Very rarely, an actor’s presence casts a shadow almost larger than the production that shelters him--or her. You saw it with Chief Dan George in “Little Big Man.” With Louise Fletcher in “One Flew Over the Cuckoo’s Nest.” And you’ll discover it again in “Powwow Highway,” (AMC Century 14), a little zinger of a comedy with a rare backbone of intelligence; unsurprising when you learn that the debuting director is “Repo Man” co-producer, Jonathan Wacks.
As it follows the careening path of a pair of buddies, heading on a rescue mission with diametrically different ideas of how to get there--and how quickly--it’s a pretty irresistible movie. But for pure lovability, it’s given a run for its money by the amazing young Canadian actor it presents, Gary Farmer, who co-stars with A Martinez.
Farmer plays Philbert Bono, a gentle, mammoth Cheyenne from Lame Deer, Mont., who gets it into his head to follow the spiritual path. It’s harder to find that path now than it was in simpler times. Now your pony is a junkyard Buick Wildcat, circa 1964, and the Old Ones, who could answer questions about the way of a warrior, are fed up with being sages and would rather let television play across their faces, undisturbed.
But there is never a doubt that Philbert, a more-than-6 foot, 280-pound seeker, will make it to warriorhood. For one thing, who could stop him? For another, who would want to? Pure goodness emanates from Farmer’s Philbert--a kind of sweetness that an audience reads instantly. The only time in recent movie memory that I can recall such sweetness returned in equal waves of affection toward a character was the furor that greeted E.T. . . . and Farmer as is far from mechanical as you can be.
“Powwow Highway” quietly camouflages its serious concerns about American Indians, letting us absorb them cumulatively during this pell-mell odyssey. Disillusioned activist Buddy Red Bow (Martinez) and Philbert Bono trek together from Montana to Santa Fe, in the car Philbert has named “Protector.” Buddy has gotten a desperate call from his estranged sister, Bonnie (Joanelle Romero). She’s apparently been framed, then jailed with her two young daughters, in Santa Fe for possession for marijuana.
The men were at high school together, but Buddy’s intense political concerns and Philbert’s lifelong low-key flair have kept their paths separate. Apparently, his work has kept Buddy out of touch with his family too, since his sister’s phone call is the first news he’d had that he’s an uncle. Twice.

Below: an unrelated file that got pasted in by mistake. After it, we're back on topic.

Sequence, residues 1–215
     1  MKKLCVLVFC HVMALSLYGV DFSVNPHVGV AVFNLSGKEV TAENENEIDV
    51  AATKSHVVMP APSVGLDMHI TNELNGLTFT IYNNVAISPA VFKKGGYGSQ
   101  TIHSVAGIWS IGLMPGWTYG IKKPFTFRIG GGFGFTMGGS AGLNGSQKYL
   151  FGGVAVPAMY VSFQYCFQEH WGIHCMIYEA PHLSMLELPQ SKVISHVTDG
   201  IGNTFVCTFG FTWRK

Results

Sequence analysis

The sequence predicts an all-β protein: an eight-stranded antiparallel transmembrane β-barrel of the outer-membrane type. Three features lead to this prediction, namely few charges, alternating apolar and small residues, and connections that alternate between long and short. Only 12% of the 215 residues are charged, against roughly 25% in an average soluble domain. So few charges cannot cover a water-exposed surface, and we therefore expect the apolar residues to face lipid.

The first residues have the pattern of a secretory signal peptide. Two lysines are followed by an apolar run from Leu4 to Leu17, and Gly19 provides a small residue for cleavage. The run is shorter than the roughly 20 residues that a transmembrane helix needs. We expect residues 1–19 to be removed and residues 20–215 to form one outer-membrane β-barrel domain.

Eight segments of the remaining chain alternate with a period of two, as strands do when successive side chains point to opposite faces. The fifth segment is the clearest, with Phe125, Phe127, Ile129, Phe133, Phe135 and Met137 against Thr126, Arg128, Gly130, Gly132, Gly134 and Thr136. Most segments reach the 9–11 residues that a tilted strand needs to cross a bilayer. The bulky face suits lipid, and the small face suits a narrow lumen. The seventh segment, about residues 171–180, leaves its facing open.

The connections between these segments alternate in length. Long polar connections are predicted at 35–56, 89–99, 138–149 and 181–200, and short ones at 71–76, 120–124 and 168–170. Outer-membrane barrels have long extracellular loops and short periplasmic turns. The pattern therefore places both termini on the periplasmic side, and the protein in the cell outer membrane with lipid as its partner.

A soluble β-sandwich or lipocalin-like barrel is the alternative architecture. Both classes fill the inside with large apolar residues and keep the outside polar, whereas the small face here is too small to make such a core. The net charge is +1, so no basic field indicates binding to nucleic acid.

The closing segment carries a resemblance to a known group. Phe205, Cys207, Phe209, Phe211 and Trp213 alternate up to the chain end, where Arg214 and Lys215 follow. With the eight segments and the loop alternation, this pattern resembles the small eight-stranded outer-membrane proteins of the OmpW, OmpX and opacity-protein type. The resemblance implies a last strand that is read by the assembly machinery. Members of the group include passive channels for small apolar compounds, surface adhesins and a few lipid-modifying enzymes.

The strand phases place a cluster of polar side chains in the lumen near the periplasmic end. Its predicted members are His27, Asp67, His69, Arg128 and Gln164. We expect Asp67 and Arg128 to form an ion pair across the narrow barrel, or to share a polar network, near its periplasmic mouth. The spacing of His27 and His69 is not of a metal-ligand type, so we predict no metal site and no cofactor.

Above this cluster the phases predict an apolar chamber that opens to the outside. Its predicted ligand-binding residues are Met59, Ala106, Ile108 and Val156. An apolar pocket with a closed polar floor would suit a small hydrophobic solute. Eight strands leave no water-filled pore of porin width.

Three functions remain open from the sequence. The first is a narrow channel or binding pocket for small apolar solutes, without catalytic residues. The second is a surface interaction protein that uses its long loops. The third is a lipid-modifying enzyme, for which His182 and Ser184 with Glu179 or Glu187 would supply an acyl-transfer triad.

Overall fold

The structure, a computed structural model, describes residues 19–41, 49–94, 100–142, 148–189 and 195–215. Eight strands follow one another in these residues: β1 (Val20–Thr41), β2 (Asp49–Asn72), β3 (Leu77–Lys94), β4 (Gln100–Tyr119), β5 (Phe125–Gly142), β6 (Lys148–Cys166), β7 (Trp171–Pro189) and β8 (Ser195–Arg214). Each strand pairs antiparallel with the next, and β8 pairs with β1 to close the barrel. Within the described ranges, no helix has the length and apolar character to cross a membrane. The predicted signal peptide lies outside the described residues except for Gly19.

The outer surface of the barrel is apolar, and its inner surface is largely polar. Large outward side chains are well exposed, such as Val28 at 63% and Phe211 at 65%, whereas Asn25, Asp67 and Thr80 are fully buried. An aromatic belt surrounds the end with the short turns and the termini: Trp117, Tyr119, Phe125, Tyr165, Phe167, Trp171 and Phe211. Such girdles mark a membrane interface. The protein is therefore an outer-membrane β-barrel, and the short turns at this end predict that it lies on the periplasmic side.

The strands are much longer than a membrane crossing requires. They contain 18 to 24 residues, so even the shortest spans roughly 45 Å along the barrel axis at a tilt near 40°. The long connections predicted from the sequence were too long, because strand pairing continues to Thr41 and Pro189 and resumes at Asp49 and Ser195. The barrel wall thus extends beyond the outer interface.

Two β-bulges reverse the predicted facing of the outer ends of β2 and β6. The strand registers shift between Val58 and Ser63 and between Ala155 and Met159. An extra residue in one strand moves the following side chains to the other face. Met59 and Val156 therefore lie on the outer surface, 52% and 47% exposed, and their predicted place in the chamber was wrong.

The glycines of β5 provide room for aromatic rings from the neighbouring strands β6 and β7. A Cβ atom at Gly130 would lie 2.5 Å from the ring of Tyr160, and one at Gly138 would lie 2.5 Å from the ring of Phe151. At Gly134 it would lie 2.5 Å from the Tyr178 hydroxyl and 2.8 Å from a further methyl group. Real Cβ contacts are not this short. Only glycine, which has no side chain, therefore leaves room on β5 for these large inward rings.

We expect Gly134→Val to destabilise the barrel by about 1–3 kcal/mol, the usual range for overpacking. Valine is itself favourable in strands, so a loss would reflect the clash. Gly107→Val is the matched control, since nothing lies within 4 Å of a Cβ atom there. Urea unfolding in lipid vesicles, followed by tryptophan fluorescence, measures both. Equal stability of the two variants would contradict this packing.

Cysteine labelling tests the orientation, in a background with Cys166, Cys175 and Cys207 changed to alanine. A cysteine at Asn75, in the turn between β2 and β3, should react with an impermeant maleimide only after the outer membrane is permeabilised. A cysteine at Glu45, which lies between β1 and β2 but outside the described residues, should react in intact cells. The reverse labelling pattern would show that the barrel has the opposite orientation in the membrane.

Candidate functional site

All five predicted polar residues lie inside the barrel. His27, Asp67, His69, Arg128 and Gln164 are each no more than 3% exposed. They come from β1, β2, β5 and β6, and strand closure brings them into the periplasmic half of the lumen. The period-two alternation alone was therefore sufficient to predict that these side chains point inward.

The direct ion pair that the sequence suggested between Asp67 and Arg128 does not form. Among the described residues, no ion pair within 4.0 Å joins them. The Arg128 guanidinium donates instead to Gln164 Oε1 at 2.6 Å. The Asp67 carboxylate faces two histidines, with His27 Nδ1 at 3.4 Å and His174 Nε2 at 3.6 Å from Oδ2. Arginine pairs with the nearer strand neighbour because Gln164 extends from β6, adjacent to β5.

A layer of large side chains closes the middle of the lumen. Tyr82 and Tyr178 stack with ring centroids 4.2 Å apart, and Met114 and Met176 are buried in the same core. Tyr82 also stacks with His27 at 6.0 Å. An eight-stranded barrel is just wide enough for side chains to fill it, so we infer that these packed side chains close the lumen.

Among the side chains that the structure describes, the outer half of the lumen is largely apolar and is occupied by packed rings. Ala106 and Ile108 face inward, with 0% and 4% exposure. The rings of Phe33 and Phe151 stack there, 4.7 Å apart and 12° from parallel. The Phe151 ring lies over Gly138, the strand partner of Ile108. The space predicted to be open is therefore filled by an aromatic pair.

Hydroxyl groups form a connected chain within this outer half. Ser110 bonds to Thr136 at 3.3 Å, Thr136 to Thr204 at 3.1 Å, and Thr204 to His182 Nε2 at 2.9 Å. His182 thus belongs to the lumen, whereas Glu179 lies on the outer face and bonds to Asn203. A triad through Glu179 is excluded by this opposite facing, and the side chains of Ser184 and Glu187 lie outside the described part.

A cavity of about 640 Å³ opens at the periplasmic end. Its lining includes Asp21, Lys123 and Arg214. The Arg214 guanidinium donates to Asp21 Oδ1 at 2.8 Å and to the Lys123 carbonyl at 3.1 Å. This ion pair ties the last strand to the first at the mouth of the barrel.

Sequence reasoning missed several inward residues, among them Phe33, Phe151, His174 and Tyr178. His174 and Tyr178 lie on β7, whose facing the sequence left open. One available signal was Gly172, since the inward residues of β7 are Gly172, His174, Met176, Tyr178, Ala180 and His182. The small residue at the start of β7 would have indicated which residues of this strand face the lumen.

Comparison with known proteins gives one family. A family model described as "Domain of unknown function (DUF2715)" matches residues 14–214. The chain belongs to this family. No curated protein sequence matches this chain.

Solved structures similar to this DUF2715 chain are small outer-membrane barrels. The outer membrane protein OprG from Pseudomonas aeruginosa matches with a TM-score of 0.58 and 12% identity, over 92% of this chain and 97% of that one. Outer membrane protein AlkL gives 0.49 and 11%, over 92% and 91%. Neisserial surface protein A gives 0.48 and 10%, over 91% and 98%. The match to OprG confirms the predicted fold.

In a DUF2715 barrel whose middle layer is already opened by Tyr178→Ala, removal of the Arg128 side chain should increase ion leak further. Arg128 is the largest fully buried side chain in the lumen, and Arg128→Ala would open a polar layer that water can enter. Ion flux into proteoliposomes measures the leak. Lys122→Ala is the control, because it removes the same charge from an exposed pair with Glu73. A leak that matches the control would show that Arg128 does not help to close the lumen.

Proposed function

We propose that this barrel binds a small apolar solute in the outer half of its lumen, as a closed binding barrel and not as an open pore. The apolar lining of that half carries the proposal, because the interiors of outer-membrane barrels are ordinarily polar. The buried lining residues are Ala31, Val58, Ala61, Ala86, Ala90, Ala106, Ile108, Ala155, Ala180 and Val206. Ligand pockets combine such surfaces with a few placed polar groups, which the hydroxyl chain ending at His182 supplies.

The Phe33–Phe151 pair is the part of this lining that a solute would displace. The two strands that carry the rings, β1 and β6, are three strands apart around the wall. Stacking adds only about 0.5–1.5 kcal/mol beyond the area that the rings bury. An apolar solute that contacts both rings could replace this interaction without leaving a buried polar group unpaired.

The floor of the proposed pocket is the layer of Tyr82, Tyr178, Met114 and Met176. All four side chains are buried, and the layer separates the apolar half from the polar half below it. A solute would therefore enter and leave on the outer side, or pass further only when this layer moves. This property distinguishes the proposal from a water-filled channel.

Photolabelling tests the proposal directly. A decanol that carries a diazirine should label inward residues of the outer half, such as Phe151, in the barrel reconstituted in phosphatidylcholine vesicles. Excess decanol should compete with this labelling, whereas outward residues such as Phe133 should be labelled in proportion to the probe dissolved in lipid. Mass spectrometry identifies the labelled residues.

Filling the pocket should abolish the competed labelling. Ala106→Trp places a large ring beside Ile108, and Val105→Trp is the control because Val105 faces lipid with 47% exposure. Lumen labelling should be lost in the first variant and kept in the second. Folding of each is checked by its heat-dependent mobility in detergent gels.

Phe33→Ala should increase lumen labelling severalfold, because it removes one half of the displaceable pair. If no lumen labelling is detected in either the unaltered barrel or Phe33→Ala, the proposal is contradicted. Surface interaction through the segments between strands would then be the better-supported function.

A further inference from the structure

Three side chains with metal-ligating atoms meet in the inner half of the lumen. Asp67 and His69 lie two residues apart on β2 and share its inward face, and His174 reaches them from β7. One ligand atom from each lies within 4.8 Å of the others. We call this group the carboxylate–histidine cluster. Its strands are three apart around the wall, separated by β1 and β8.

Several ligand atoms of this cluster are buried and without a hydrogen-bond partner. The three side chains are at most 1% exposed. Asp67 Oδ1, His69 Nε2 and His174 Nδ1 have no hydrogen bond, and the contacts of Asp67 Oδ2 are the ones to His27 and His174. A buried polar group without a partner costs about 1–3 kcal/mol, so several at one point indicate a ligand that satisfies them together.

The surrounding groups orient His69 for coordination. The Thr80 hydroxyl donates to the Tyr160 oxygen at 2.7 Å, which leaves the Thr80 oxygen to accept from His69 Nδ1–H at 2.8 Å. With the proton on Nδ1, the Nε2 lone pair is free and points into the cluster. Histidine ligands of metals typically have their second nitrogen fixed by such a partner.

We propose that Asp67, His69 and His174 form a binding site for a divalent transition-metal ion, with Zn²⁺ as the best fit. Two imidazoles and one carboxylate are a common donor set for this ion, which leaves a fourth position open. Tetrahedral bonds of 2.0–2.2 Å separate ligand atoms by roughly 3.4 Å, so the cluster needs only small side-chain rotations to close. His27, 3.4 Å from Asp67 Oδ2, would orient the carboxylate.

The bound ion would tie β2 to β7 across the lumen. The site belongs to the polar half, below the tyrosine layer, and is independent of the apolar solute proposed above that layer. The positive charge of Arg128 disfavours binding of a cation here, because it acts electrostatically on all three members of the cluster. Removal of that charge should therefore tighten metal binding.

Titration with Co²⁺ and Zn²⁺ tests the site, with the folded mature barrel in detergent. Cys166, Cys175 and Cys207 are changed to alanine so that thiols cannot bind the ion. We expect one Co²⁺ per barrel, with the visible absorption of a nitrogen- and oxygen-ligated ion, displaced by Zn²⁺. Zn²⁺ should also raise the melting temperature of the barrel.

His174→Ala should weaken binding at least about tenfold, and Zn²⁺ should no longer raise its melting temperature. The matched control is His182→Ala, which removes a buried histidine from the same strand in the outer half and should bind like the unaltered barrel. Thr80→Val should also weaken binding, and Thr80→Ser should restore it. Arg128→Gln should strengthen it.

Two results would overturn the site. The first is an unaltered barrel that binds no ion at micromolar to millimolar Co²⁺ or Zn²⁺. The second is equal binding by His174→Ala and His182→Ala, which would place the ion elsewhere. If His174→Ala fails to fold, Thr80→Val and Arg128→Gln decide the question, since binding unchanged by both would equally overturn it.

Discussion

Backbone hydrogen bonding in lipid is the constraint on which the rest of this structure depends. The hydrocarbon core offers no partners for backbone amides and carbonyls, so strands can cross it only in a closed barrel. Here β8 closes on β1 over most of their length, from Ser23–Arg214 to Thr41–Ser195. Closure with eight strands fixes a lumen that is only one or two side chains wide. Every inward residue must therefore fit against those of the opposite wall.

Wack’s direction of the screenplay, by Janet Heaney and Jean Stawarz, from the novel by David Seals, has a way of conveying hard facts obliquely but surely. As Toyomichi Kurita’s eloquent camera sweeps the mean, littered face of the Northern Cheyenne reservation, even the dog seems to be limping. “Powwow Highway” is full of such snapshots and panoramas, mute instruction for those who will see.
The film’s inspired comedy comes as Buddy’s unvented fury collides with Philbert’s quiet imperturbability. Philbert meanders, Buddy makes tracks; Philbert has spiritual stops to make on the way, Buddy may explode before he makes them all. It’s the set-up for every road comedy worth its octane, from “It Happened One Night” to “Midnight Run,” and already we know that the qualities of each man will rub off on the other.
One of Philbert’s most important stops is the yearly powwow at Billings, Mont., an event Buddy sneers at. Indoors, in a gym , to him it’s a joke: “As though a few lousy beads was a culture or something.” Yet there’s an exchange here with a damaged Indian Vietnam vet, and the pull of the dancing itself that begins to speak to Buddy. (A beautiful moment by Martinez, this is one of the scenes that needs to play out longer, to really build and soar, and either Wacks or the independently made film’s budget held back at this point.)
Meanwhile, in Santa Fe, Bonnie’s self-reliant girls have found a way out of their detention home at the same time a feisty, lifelong friend Rabbit Layton (Amanda Wyss) arrives to make bail for Bonnie. The boys arrive at about the same time, only to run up against the bossy belligerence of the Santa Fe policewomen. It’s what makes Philbert’s solution to all their problems--and his cherubic deadpan as he goes about it--all the more satisfactory.
But it’s not amiable mix of characters at the end nor even the deeply satisfying action that fixes “Powwow Highway” (MPAA-rated R) permanently in our affections, although it has the sort of ending that makes kids at matinees split nearby eardrums with their delight.
It’s the sight of Philbert, leaving a token sacred to him at a sacred spot, or, the real power of Philbert, the storyteller, or best of all, Philbert at the break of dawn, the film’s most awesome memory.